|Title||Simon says (example with prepositions)|
|Aim||Learning vocabulary (for example: prepositions, numbers etcetera)|
|Focus||Grammar and vocabulary|
|Time||Until only one pupil is left/as long as you like|
|The teacher (at lower levels) or a pupil is saying “Simon says:..” or just the “…” part. The other pupils should only follow the directions when the pupil says “Simon says:…” otherwise they are out.|
|Preparation||Make sure the pupils are already quite familiar with the words, don’t throw them in it. Make sure you have already spent some time on the words they need. For example: behind the table, underneath the chair etc.
And of course explain the game.
|If you are playing this with prepositions make sure you have tables or chairs or anything like that.|
(With first years)
| You have already gone through the prepositions with your pupils. For example the lesson before. You explain the rules of Simon says, they only have to do what you say when you say Simon says before the preposition.
Give an example with one student. Say: “Simon says: stand up” the pupil stands up. Then say: “stand behind your chair.” If the student understands the game he won’t stand behind the chair in that case ask if the entire class understands. If he doesn’t he will stand behind it and you will have to explain again. If it takes too long just start, the students will start learning it while doing the game. If it is necessary tell them the name of the Dutch variety: Comando pinkelen.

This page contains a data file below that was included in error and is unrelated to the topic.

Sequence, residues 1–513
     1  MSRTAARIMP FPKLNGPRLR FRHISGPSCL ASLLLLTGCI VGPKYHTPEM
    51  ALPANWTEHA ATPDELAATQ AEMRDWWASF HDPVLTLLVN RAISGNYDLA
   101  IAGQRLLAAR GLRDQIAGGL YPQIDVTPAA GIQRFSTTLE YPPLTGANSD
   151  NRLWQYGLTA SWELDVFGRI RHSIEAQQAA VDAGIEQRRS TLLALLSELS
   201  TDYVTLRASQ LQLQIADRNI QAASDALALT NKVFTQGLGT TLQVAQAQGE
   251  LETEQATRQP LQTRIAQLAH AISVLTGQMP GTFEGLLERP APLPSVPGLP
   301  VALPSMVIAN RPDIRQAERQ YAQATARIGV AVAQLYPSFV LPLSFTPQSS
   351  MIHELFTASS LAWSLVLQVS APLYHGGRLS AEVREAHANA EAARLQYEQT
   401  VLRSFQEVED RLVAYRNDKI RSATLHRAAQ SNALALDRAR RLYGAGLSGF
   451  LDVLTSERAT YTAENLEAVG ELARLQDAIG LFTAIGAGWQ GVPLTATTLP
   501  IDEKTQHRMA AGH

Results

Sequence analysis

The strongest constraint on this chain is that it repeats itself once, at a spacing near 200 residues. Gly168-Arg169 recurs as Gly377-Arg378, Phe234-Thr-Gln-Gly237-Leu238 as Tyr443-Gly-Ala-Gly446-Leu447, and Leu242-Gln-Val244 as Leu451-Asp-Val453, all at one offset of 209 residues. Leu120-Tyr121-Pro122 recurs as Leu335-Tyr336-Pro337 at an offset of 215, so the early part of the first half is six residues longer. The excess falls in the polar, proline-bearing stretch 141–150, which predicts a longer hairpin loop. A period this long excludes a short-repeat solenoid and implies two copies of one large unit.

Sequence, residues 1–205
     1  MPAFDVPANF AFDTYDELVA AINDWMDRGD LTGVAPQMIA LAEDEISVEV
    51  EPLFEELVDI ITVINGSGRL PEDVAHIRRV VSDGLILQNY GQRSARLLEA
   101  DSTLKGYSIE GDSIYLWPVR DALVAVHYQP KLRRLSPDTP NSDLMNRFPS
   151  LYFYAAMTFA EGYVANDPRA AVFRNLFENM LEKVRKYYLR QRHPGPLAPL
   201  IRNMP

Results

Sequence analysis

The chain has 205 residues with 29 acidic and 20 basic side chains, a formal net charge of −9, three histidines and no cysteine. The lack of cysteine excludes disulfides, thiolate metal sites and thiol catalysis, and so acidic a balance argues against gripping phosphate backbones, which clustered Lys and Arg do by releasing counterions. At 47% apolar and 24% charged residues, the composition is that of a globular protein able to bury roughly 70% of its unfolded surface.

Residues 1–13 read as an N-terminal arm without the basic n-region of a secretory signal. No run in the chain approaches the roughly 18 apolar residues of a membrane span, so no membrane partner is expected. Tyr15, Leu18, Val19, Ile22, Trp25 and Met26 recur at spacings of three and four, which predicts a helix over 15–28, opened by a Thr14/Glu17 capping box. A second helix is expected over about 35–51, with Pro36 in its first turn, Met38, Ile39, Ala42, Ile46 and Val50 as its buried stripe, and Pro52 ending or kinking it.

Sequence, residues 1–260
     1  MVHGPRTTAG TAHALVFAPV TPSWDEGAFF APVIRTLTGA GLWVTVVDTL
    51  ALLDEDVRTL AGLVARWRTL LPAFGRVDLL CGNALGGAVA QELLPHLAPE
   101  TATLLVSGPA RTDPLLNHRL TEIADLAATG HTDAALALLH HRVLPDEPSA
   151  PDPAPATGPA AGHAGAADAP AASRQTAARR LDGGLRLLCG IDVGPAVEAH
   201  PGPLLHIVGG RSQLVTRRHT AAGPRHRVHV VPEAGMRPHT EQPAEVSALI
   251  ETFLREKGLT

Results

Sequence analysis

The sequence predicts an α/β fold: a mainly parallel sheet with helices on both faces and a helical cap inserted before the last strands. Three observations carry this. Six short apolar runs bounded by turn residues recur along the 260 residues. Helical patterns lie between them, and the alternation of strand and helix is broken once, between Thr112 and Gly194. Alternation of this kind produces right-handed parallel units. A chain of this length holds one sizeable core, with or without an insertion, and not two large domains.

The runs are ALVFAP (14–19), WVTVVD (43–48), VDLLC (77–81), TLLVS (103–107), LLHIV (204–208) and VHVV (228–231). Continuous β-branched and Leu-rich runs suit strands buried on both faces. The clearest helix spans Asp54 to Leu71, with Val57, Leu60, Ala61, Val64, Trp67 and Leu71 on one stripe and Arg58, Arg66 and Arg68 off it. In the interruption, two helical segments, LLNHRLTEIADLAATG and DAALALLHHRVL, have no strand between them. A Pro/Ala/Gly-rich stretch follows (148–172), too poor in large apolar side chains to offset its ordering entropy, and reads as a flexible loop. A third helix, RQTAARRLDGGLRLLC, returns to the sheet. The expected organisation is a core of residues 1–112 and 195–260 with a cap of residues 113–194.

Every time a pupil doesn’t do it right make him/her sit down or their chair and continue until one pupil is standing. That pupil is the winner.
|A colleague at my internship school told me this during a lunch break (he is also a student at the NHL).|
|Motivation for my choice (+/- 100 words)
| I have tried this game twice with first years and it went amazing! It is such a simple game, but the kids love it because it is competitive. It is a short game so it is a great way to end a lesson or a fun way to start. You can also make it even shorter, for example by setting a time limit.
In my case the students asked me if we could end the next lesson again with this game and so we did. I used prepositions the first time and the second time I used ordinals with their fingers (raise your first finger, Simon says raise your fourth finger).